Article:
It is true that a painted black heatsink will radiate, but a shiny metal heatsink will not only radiate but reflect, thus reducing it's overall temperature.

Check me on this one:
This was the first site that I found after an internet search.

Sorry to be preachy,
peranders said:
Today question is: What material conducts heat very well but is a bad electrical conductor, in fact an isolator? The answer is revealed thursday!

Have you ever thought about daimonds?

Yes, it's true. Daimonds are the BEST heat conductor. It's a typical crossword question but I haven't got it from a trustworthy source. Anyone who knows better?

Nelson Pass

The one and only
Paid Member
2001-03-29 12:38 am
No, a black body is the optimal radiating color.

The principle of reciprocity is at work here; the ability to
absorb photonic heat is the same as the ability to radiate.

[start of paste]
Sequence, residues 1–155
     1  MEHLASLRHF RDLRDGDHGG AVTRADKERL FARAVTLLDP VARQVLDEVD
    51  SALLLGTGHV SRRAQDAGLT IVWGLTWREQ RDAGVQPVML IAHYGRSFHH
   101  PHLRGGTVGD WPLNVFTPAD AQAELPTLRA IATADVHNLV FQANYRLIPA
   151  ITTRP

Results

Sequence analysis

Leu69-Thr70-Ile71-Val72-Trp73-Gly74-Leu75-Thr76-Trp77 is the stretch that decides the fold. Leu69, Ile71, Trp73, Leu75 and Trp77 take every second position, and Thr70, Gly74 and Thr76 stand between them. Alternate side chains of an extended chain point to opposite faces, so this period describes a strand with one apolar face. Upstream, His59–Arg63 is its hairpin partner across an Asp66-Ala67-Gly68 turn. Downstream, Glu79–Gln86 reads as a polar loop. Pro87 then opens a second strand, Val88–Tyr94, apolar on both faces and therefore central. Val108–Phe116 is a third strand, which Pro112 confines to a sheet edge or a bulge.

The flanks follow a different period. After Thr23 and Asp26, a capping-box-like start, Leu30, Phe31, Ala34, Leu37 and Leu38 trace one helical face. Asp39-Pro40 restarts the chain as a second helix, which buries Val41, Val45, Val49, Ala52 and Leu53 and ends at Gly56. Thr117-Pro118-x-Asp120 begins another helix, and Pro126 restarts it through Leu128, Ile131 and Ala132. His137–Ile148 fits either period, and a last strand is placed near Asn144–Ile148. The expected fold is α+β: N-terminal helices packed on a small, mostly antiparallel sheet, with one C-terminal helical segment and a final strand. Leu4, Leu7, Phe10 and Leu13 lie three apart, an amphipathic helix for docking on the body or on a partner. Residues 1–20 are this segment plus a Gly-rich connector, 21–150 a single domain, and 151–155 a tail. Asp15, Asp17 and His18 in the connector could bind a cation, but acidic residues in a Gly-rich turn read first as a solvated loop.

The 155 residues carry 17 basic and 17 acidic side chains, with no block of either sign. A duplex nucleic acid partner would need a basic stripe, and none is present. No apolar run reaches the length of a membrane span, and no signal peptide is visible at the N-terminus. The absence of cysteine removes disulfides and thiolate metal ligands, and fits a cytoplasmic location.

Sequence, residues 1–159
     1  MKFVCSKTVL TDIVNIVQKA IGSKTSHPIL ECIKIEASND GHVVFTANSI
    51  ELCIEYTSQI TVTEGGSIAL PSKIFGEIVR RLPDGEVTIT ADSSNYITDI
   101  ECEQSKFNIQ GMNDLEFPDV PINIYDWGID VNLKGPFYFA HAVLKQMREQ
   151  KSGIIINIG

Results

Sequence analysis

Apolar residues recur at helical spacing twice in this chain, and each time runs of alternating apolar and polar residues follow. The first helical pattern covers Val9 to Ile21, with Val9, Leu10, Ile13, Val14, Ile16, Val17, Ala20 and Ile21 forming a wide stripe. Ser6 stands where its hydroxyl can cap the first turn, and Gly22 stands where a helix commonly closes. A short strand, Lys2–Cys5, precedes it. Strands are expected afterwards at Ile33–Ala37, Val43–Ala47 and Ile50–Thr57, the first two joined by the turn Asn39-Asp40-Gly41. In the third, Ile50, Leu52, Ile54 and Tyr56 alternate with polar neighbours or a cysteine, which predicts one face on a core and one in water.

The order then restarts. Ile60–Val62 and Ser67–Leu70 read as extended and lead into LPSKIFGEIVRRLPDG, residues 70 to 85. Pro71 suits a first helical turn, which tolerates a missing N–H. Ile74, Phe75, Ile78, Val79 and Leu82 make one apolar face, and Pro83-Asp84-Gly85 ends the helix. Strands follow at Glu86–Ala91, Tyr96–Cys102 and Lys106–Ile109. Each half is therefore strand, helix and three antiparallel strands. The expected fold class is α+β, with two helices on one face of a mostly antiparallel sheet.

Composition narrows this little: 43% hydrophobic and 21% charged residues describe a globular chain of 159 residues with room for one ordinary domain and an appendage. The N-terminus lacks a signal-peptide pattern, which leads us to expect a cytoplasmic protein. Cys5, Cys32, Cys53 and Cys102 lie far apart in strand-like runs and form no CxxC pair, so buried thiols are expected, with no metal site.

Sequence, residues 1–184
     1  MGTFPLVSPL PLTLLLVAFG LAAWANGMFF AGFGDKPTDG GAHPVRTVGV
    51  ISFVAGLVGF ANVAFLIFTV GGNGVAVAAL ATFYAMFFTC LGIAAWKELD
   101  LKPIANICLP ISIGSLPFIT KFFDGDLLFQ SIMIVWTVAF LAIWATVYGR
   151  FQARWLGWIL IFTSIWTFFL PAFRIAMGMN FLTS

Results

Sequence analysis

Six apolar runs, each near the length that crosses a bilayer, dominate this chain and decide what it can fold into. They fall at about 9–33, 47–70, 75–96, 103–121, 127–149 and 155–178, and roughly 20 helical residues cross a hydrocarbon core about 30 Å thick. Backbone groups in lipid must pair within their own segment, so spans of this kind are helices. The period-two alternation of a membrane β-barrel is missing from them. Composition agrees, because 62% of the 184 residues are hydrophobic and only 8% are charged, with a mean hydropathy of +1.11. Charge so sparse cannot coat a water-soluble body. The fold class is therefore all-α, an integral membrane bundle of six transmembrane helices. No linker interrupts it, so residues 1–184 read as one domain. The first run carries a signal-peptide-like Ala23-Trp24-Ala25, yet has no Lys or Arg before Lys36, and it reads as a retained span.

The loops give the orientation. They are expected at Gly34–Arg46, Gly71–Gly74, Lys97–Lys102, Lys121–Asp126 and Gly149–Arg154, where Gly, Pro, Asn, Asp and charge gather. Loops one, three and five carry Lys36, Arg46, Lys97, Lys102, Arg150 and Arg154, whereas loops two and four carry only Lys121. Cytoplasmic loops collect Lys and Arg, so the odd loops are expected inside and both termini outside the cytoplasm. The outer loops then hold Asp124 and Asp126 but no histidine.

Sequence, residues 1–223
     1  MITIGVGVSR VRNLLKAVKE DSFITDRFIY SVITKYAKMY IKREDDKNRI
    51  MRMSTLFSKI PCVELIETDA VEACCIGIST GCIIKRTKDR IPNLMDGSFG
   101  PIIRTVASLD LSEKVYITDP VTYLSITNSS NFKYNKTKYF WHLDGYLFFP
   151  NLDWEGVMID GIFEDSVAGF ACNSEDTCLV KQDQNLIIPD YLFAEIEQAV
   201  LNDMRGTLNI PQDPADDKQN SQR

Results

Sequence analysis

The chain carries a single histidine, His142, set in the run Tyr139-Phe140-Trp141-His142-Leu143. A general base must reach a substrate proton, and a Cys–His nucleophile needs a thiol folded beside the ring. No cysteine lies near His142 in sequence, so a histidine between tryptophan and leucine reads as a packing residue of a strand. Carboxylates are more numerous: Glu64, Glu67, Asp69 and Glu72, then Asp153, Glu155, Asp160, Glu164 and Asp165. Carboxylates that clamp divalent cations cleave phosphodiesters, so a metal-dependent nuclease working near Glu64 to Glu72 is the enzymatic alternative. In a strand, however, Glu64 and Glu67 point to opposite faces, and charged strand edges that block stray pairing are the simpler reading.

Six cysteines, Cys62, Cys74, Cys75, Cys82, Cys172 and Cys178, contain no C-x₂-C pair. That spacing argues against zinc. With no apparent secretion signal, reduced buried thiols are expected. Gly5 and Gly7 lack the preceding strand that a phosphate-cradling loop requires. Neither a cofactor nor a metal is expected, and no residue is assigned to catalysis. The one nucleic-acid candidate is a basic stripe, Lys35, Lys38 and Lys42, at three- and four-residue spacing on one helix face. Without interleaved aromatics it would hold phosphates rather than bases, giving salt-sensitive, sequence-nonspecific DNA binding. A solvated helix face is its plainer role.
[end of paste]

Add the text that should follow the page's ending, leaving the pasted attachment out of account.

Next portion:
The black heat sink will get hotter in the sun, but the chrome
heat sink will run hotter when transistors are mounted to it.

In any case, this is not the main mechanism for ordinary
amplifier heat sinks not running in a vacuum. If they were
underwater, it *really* wouldn't matter.
Sorry to be argumentative here, but this does not make sense to me. If a black car radiates heat just as much as it absorbs heat, then why is it hotter than a white car?

It seems to me that the car in the sun is an extreme case, though. One usually doesn't put his or her amp out in the sun. If one did, however, the black heatsink would definitely be hotter than a shiny one, much like the car example. But lets look at another extreme, two heatsinks, one black and one shiny, in complete darkness. What difference does the color make if there is no light to reflect off of the heatsinks. They would both have no color, except for their blackbody radiation (usually in the infrared). The equation for blackbody radiation is only dependent on temperature, and has nothing to do with paint. Hence, both heatsinks would give off the same amount of radiation.

So, what am I getting at?:

In bright light (sunlight) the black heatsink will be hotter.